When the county force was first established, it was overseen by the County Quarter Sessions (see below).  In 1889 Derbyshire County Council took over the administrative functions of County Quarter Sessions and a Joint Standing Committee (see D919/C/1/6) was established consisting of equal numbers of justices and county councillors to oversee the county police force, with Borough Watch Committees maintaining responsibility over their respective forces.  The Joint Standing Committee had exclusive control of all buildings used for police and quarter sessions purposes – for minutes of the buildings committee see D919/C/1/7/1-2.  The 1964 Police Act abolished the Standing Joint committee replacing it with a Police committee of the County Council with magistrates forming one third of its membership, see D919/C/1/58/1-3 for the committee minutes.

A small number of other collections and a larger number of records in a variety of other collections of individual police officers, local bodies working with the police and related activities are also described in the online catalogue, along with details of items in the Local Studies Library.  Further items can also be found by searching for the word ‘police’ or other relevant words in the Title field.

This article, written by the great-great-grandson of a Victorian police constable, shows just how much can discovered about individual officers.  

Petty constables

Prior to the establishment of the professional police forces, maintaining law and order was primarily the responsibility of a local constable appointed by Justices of the Peace from a list of eligible candidates produced by the parish Overseers of the Poor.  Although sometimes referred to as the parish constable, the area they covered was not necessarily contiguous with the parish boundaries.  The constable would “present” to the county Quarter Sessions accusations usually of minor wrongdoing against people in his jurisdiction.  Some records, particularly 18th and 19th century constables accounts may be found amongst the parish archives, and presentments are also held in the county Quarter Sessions archive.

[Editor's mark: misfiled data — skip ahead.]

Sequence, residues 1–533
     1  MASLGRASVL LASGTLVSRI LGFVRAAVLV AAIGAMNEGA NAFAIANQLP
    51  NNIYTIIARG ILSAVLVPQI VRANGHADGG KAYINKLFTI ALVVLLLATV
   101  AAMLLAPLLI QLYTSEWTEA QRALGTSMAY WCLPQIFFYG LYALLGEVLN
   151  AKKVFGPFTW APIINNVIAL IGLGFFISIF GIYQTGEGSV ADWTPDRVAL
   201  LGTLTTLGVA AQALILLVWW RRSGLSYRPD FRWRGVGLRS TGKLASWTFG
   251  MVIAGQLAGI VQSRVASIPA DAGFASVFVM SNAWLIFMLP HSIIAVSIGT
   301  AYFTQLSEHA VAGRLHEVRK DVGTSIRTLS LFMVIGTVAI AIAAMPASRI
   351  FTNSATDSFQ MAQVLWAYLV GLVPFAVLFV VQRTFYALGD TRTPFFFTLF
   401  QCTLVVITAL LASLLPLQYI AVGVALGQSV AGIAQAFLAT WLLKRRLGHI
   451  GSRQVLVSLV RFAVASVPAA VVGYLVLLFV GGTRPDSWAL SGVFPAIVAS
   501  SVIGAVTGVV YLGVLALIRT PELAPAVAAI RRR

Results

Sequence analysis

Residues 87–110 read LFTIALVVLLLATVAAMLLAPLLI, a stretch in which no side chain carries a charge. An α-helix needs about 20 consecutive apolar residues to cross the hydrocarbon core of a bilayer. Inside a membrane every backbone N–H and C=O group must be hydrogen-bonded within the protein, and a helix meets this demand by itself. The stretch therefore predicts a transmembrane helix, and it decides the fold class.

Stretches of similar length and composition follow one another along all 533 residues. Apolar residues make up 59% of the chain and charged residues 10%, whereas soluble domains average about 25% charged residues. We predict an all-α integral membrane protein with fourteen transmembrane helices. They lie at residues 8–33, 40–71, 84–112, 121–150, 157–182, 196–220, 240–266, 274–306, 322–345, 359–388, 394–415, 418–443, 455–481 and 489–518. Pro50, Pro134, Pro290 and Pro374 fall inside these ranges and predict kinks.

Quarter Sessions

The County Quarter Sessions was the main administrative and judicial body for the County of Derbyshire from the early medieval period until the late 19th century, and records survive chiefly from the 17th century.  The Quarter Sessions dealt with minor or preliminary judicial cases and with the administration of local government including oversight of the poor and settlement laws. 

The records are divided into four categories, with the main records relating to crime and punishment are:

  • Order Books (from 1682) record the decisions (i.e. orders) both administrative and judicial issued by the court, often including the place of residence and occupation of defendants along with a description of the crime and sentence (ref: Q/SO/1).  They also give information about the appointment of county and local officials, including indictments against parishes and their officials relating to failure to carry out their functions such as maintaining bridges and highways
  • Calendars of Prisoners (from 1694) are quarterly lists of  prisoners in the county gaol and houses of correction, and charges against them (ref: Q/SP).  They are handwritten until 1820 and ultimately also include age and some indication of literacy.  The records between 1729 and 1913 can be searched online.